By Nicholas Jennings on Tuesday, 30 January 2018
Category: Blog Posts

Music Feature: Roaring Lion - At 87, he's still king of Calypso

He's the grand old man of calypso, the historian and upholder of Trinidad's legendary musical tradition. He's also a living legend himself, the gentleman with the ever-present cane whose saucy double-entendres have delighted royalty, popes and presidents the world over.

But Roaring Lion is not about to sit back and rest on his considerable laurels. Although he turns 88 on June 15, the Lion, born Raphael de Leon, is currently enjoying a sparkling career revival that is the envy of soca stars 60 years his junior.

His song 'Papa Chunks' is currently the number one hit throughout much of the Caribbean. And this Sunday, he headlines Caribbean Musical Expo '95 at the Metro Convention Centre, a mammoth show featuring such artists as Trinidad's 1995 soca monarch Ronnie McIntosh, Barbadian star Gabby, Grenada's Inspector, Jamaica's Lovindeer and Toronto's own Elsworth James.

Lion's surprising comeback can be largely credited to Guyanese-born rocker Eddy Grant ('Baby Come Back', 'Electric Avenue'), who recently took the veteran calypsonian back into the studio and began recasting his classic '30s songs for '90s listeners.

Two years ago, Grant's label Ice Records released Roaring Loud, Standing Proud, an anthology of updated, dance versions of such famed Lion tunes as 'Mary Ann' and 'Caroline', which was featured in the John Candy comedy Captain Ron. Two other songs, 'Nora Darling' and 'Netty Netty' have been pumping out of Caribana sound systems ever since.

Last year, Ice issue Sacred 78s, a prized collection of Lion's original recordings.

And now, to coincide with the singer's 88th birthday, the label is releasing Viva le King, another package of modernized oldies, including 'Papa Chunks', which Lion first cut back in 1937.

For the spry octogenarian, the comeback is especially satisfying because it proves his longstanding point, that people thirst for calypso's lyrical inventiveness, not just mindless soca party tunes.

"Most songs today mean nothing," says Lion. "All it is, is 'wine your waist, put your hand in the air, hold something and wave.'

"There's no subtlety," he laments, "just a truckload of vulgarity."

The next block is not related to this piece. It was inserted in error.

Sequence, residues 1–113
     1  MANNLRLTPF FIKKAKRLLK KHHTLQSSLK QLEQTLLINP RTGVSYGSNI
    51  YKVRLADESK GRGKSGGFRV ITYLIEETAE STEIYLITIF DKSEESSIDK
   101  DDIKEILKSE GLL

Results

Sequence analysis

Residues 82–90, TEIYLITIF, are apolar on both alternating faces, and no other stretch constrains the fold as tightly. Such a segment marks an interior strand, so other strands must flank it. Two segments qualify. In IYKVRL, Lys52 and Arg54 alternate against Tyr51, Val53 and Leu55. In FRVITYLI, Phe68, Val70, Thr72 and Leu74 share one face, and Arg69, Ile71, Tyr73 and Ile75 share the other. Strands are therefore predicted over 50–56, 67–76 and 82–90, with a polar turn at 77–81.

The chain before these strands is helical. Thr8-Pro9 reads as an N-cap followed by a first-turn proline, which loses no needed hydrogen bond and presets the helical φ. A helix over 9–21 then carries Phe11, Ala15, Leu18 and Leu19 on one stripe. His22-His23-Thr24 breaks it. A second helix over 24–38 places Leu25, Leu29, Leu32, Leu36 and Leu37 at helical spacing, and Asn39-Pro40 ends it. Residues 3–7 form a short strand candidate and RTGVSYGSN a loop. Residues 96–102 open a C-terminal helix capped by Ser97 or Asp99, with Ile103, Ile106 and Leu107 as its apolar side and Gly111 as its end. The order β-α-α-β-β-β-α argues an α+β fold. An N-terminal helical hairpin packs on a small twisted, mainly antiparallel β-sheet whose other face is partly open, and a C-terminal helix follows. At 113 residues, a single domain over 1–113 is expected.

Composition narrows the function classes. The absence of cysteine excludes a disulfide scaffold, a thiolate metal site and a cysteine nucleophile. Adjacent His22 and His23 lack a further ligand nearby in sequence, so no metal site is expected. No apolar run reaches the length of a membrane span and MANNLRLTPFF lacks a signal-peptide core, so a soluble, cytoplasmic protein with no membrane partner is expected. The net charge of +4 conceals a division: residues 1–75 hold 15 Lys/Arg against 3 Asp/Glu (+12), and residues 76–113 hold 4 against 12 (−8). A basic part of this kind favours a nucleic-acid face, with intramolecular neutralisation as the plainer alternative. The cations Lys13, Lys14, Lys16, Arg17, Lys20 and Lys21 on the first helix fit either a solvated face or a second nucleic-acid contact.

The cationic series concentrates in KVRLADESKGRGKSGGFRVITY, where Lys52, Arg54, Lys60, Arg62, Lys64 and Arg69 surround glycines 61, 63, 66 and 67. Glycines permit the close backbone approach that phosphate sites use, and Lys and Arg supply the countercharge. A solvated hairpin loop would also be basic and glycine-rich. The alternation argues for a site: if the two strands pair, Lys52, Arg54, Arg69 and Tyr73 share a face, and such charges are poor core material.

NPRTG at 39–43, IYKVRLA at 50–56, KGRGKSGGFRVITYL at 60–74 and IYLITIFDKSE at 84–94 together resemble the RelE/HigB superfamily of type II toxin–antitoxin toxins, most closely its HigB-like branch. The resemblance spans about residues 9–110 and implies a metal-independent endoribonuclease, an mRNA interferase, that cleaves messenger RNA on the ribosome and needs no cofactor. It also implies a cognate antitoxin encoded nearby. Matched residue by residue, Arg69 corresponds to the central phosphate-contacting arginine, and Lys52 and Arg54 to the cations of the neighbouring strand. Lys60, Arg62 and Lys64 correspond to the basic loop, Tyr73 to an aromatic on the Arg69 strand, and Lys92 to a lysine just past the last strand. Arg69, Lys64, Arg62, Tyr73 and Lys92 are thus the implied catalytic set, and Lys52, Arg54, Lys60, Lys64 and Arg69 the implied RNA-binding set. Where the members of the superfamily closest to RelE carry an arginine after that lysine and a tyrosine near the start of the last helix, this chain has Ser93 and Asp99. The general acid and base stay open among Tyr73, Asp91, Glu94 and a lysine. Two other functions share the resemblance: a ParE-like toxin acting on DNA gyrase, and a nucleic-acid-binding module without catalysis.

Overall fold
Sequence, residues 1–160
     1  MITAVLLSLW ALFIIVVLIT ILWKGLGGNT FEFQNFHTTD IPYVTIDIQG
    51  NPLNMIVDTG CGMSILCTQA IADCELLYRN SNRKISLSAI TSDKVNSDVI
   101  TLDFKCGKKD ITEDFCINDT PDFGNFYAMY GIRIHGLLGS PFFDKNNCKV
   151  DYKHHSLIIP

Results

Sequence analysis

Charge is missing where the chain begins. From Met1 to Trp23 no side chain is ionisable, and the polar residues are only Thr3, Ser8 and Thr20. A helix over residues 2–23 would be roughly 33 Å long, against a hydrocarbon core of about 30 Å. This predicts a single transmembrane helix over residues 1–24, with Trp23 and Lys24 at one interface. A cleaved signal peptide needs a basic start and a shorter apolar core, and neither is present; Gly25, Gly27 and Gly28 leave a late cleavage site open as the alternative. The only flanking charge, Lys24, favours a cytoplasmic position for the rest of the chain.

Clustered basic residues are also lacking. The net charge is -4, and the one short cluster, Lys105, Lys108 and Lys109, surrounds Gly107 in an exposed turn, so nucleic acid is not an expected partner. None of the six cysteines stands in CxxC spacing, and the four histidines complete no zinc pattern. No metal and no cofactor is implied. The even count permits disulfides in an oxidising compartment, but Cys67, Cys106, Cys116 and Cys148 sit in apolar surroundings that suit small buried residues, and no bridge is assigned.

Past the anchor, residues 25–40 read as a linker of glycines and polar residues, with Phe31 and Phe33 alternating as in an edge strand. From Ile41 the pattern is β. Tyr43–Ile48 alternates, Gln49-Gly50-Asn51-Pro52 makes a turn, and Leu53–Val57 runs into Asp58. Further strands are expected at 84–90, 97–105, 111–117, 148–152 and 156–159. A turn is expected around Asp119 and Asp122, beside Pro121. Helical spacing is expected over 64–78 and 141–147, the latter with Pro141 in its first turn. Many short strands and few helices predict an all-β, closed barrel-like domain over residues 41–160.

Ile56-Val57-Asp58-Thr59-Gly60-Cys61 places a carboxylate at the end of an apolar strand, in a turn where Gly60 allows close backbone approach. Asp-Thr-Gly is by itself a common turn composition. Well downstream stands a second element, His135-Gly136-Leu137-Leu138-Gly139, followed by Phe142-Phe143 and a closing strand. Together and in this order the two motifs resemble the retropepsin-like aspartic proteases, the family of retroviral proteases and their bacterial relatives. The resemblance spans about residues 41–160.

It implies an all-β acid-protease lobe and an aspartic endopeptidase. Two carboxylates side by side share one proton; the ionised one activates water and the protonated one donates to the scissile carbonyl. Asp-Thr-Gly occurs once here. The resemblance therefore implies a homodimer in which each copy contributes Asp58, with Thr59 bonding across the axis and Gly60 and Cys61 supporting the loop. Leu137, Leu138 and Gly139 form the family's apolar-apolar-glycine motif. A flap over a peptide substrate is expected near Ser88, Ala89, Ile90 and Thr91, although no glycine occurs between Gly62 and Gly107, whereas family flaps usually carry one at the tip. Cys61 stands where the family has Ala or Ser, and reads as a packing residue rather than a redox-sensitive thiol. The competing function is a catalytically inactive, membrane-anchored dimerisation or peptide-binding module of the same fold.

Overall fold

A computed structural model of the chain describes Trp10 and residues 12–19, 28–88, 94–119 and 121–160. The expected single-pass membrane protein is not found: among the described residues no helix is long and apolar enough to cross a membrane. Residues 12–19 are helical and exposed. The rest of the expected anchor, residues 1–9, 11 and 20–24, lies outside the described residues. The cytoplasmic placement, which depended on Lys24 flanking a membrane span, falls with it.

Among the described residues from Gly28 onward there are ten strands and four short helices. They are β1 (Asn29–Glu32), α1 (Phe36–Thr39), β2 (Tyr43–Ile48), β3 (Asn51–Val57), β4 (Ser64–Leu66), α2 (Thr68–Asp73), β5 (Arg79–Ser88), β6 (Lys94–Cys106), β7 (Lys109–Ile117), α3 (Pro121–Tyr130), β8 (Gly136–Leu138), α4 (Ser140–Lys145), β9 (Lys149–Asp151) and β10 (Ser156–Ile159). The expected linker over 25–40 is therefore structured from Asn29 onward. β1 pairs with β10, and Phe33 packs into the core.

The music, Lion believes, is equally bankrupt. "There's nothing to soothe you," he says. "If a fellow like Bach or Handel came back today, they'd want to return to the grave because it's just noise."

A staunch defender of the art form, Lion lays the blame for calypso's demise squarely on the shoulders of Francisco Slinger, a.k.a. the Mighty Sparrow, who he says was the first to turn his back on tradition.

"He was the one who particularly vulgarized calypso, using lots of obscene words in his songs."

(Lion and other elder calypsonians, such as Atilla the Hun, Tiger and Lord Executor, responded by giving Slinger the belittling name of Sparrow; the younger singer later added the prefix Mighty to pump up his image.)

Although Lion's never been guilty of vulgarity, there's no shortage of sexual connotations in his songs.

'Dorothy Went to Bathe' tells of a girl who lost her virginity to a catfish, while 'The Lost Watch (Tik, Tik, Tik)' deals with a woman who steals a watch and hides it in her vagina. (Apparently, there are still Roaring Lion records in the BBC library with warning stickers that read: "Do not play this track.).

The Lion himself sees nothing wrong with sauciness.

"Double-entendre, or what we call in Trinidad 'double talk,' is perfectly in order," he says. "As a listener, you can decide what you want with the meaning. But what you think the song means is not necessarily what I meant. And that's the beauty of it."

Along with Sparrow, Lion has few kind words for Harry Belafonte who, he claims, has stolen several of his songs, including 'Ugly Woman', 'Out De Fire' and 'He Come from the Glorious Kingdom'.

"He's a crook," says Lion flatly of the U.S.-born Belafonte, who in the 1950s sold a million copies of his Calypso album. "I wrote to him about how he capitalized on my songs, and he simply told me that my songs weren't registered."

Lion admits the paperwork was lacking: "It's true, we didn't know about copyright back then. But I recorded those songs, so I can still take (legal) steps."

Still, Lion is hardly the embittered, forgotten hero. The calypsonian, who performed for U.S. president Franklin Roosevelt, the royal family and the Pope, is basking in his current revival.

"I'm thankful that I've been able to make people happy," he says. "I simply hope that I can continue to produce more songs that will take calypso a little further up in the clouds."

Toronto Star, 18 May 1995